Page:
HC Deb 30 June 1868 vol 193 cc389-410

Order for Committee read.


, in moving that the Speaker do now leave the Chair, was about to address the House, when


rose to Older. The hon. Member had on a previous occasion addressed the House on the Question that the Speaker do leave the Chair, when the Secretary to the Treasury moved the adjournment of the debate.


observed that the Motion for die adjournment was negatived; but he had subsequently assented to the Motion for going into Committee being negatived.

Motion made, and Question proposed, "That Mr. Speaker do now leave the Chair."—(Mr. Monk.)


said, he had not the slightest wish to curtail the hon. Member's observations on the Bill; but he had a most distinct recollection that the hon. Gentleman did address some observations to the House on the Question of the Speaker leaving the Chair. Until an Amendment was moved, the hon. Gentleman could not again speak.


said, the hon. Member had on a previous occasion made the Motion that he do now leave the Chair, on which, subsequently, the adjournment of the House and the debate had been moved. The Chancellor of the Exchequer would now be in order in moving his Amendment.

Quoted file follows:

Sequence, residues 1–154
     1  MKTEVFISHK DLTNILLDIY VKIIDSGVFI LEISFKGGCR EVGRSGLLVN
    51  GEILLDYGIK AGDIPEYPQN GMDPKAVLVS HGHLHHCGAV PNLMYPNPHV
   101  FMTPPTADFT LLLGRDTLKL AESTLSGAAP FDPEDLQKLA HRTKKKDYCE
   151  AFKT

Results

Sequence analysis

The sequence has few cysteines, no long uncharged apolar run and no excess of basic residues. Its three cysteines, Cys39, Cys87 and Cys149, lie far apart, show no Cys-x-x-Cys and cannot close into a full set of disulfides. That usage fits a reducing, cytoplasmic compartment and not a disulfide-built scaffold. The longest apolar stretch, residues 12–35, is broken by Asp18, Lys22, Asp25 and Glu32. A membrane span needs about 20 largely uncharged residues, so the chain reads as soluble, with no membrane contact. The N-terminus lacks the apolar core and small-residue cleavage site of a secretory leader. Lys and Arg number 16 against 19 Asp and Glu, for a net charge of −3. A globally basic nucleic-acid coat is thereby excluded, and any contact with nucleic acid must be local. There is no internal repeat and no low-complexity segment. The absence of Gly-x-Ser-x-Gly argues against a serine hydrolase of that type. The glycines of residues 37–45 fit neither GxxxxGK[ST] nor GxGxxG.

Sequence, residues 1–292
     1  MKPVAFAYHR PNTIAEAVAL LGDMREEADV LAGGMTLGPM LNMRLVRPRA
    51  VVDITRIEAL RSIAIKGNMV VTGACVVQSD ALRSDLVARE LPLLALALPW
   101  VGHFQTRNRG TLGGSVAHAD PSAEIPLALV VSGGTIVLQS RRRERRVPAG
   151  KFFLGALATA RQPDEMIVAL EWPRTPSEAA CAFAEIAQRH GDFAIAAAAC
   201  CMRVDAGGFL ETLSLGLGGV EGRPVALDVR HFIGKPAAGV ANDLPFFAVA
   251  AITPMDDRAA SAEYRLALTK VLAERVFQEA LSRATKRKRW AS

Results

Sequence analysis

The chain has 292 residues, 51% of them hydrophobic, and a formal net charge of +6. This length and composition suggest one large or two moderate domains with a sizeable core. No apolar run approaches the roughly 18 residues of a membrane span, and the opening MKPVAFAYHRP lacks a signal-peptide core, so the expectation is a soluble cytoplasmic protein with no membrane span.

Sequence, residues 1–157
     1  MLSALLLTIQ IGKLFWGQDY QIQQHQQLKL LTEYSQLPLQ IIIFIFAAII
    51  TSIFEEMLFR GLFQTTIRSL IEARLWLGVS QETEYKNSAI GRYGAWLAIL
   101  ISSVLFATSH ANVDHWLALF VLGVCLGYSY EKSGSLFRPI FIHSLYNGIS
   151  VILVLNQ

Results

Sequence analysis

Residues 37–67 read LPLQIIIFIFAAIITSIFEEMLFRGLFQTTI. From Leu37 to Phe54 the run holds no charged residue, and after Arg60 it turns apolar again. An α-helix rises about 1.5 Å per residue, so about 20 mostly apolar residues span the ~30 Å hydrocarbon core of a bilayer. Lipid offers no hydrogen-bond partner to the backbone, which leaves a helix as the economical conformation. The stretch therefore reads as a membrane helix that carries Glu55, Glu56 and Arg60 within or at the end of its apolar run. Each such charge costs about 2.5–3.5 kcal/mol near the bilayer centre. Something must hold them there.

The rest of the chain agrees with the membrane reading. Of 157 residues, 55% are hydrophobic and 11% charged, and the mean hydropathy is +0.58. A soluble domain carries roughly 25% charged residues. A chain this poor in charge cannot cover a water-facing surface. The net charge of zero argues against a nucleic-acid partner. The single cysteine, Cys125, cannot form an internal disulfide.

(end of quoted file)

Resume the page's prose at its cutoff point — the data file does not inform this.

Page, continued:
said, he only wished to be in Order, having no desire whatever to curtail the privileges of the hon. Member. The Bill had been read a second time without any observations on the part of the Government or by any hon. Member; and, as the House might recollect, it was by a mere accident that he had not been present when the Motion for the second reading was made. Looking to the really important character of this measure, he regretted there was not a more full attendance of Members when it came on for discussion. The natural tendency of every mind must be to accede at once to the principle of this Bill; it was only in discussion that doubts arose as to whether it would be desirable to do so. It would have been far more agreeable to his own feelings to support the Bill, which was intended to confer the franchise on a very meritorious and efficient body of men, to whom the country and the House were very greatly indebted, than to move, as he felt bound to do, that it be committed this day three months. It was of no slight importance that the action of the officers concerned in the collection of the Revenue should be above all imputation as to their motives; that political intrigue and political feeling should be kept entirely out of the question so far as their conduct was concerned that they should be able to, carry on the discipline necessary for the conduct of business, to make changes and removals from one part of the country to another, and direct their officers to take proceedings with reference to the Revenue without regard to political considerations. The original ground for withholding the franchise from officers thus employed was that it would be giving too great power to the Crown; the feeling of those who were in favour of the measure was, that the franchise having been so widely extended, their numbers were now so small in comparison with those of the electors generally that they would have very little weight in an election. He was not disposed to attach much weight to the argument relative to the power of the Crown; but he thought that in the event of the Bill becoming law, if not the Crown, some of the permanent officers of the establishment might have very great power and influence in particular cases. There were certain places where the number of officers who would be affected by the measure was very considerable. In the port of London between 1,700 and 1,800 Custom House officials alone would be enfranchised by this Bill. The number in some constituencies would be very considerable, besides those employed in the Excise and Post Office. In the port of Liverpool there were no fewer than 840 Custom House officers; and at the last election the lowest of two successful candidates only outstripped his competitor by 300 votes, so that in that particular case the Custom House officers would be three times as many as the majority of the successful candidate. Supposing that in the port of Liverpool the collector should be a strong partizan, and that these 840 officers considered that their position and prospects in the service depended upon him, a knowledge of human nature would enable them to judge pretty well of how the greater part of those officials would vote. If that were understood and known he should not feel called upon to oppose the Bill on that ground, because it was an evil which other considerations might induce them not to rate too highly.